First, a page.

A regional fundraising campaign to mobilise funds to support the construction of the National Cathedral will be launched in Ho, in the Volta Region on November 24, this year.
Reverend Seth Mawutor, Chairman of the Regional Planning Committee of the National Cathedral, who disclosed this at a media briefing in Ho, said the project was not partisan, hence should be supported by all to the glory of God.
He said the edifice would be a unifying monument of shared conversations on faith and national transformation and to religious liberty and urged the media to help send the message to the public to encourage them to donate towards the project.
Reverend Mawutor, who is also the Chairman for the Christian Council of Churches in the Volta Region, said as a nation and Christians, the National Cathedral provided a historic opportunity to put God at the centre of the affairs of the nation and as a symbol of eternal and continuing gratitude to God for His favours.
He said the National Cathedral represented a vision of a society that depended on God, the aspirations of which had been captured by the opening words of the National Anthem; ‘God Bless our Homeland Ghana. And make our nation great and strong.’
The National Cathedral with the Bible Museum and Biblical Garden, he said, would offer a blessing to the Church and the nation as it would serve as a national interdenominational facility for prayer and worship, a centre of learning, and a national point of convergence.
Dr Archibald Yao Letsa, Volta Regional Minister said the edifice when completed would be a glory to the name of the Lord, and called on all to come to support the project.
He disclosed that he, together with his wife, would be donating an amount of GH¢ 20,000.00 towards the project during the launch.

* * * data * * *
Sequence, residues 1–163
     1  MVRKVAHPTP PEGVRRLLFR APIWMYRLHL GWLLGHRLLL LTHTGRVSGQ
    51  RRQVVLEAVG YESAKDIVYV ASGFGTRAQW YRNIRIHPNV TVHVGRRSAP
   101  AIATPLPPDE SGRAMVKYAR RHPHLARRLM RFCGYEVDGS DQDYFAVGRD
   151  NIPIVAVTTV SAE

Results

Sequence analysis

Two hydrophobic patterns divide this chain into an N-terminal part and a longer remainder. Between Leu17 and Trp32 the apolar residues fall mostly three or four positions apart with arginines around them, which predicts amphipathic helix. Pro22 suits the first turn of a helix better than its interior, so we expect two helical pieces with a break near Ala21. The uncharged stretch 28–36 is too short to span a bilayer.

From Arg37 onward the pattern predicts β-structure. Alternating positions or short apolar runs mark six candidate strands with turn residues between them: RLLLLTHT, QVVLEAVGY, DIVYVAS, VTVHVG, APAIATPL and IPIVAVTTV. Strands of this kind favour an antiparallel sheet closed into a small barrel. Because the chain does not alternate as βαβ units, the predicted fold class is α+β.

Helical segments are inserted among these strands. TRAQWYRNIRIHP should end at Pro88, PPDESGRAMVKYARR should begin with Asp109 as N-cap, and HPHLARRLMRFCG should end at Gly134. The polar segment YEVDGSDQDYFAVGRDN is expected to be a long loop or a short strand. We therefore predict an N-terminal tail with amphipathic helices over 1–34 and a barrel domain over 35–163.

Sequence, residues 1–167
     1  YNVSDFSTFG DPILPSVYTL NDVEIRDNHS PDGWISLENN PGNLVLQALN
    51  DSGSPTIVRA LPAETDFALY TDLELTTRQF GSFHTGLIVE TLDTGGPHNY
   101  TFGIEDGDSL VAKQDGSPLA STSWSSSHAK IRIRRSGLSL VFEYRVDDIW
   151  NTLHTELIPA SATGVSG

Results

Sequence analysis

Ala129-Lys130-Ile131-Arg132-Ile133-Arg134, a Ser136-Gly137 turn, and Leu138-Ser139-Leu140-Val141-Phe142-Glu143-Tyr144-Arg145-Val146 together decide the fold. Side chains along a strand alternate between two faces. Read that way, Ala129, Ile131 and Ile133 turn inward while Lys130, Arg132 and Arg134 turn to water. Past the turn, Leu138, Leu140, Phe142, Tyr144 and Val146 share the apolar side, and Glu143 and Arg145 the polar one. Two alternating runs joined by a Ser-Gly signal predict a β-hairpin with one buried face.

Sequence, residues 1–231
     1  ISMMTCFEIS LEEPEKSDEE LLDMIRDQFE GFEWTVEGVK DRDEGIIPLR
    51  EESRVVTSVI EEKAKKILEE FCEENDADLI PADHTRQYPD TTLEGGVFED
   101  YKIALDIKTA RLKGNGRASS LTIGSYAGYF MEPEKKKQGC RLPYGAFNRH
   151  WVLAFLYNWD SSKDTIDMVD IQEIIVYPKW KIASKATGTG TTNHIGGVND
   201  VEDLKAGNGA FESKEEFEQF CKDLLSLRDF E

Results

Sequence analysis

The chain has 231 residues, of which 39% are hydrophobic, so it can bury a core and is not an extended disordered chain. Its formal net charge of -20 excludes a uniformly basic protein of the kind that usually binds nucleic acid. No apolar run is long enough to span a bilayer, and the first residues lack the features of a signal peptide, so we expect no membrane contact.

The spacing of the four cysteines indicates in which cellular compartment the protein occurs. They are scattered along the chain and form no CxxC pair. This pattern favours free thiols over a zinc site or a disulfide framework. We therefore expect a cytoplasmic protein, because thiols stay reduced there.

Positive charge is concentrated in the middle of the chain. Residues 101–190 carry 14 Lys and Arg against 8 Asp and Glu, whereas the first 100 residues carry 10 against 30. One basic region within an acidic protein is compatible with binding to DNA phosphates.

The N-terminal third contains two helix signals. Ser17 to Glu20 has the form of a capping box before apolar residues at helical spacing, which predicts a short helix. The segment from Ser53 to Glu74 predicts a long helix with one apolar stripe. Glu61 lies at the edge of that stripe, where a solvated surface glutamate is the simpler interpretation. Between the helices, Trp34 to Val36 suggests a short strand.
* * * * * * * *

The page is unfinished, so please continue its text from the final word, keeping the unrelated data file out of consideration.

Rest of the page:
Speaking on the event as one of the strategies developed by the National Secretariat and Board of Trustees for the National Cathedral to raise funds, which aimed at getting one million Christians to contribute GH¢ 100.00 monthly for three years towards the project, Dr Letsa said it was not compulsory but just an appeal.
The edifice has a sitting capacity of 5,000 and could be expanded for other national activities and is expected to be completed before March 2024.
It is estimated to cost 250 Million US Dollars, out of which the government had provided 10 percent as seed money and provision of land. The rest will be provided by the Church and Ghanaians.
The facility is designed to include among other things; Bible Museum, Chapel, Baptistery, National crypt where key leaders of the country are buried, a specialised library on African Christianity, conference centres, Board rooms, Banquet Halls, Prayer Rooms.
It will offer opportunity to African historians and interpreters of Christianity in non-Western contexts to retell and symbolise the Christian faith in ways that will feature the African contribution to the history of Christianity in Africa.
The edifice will feature contributions made by African and Ghanaian Christian scholars, youth gospel music groups, ecumenists, Church leaders and Charismatic figures.
It will also feature African Diaspora contributions and a hall of fame to be set up that will have statues of key contributors to Christianity including missionaries, Bible translators, pastors, evangelists, theologians, musicians, and divine healers.
Their stories will be featured in both audio and video forms and the sermons of contemporary Ghanaian Christian leaders will be played in the cathedral.
It will serve as a tourist attraction centre to Ghana and provide space for churches to organize and host big conferences, public lectures, symposia, workshops, seminars and Gospel concerts.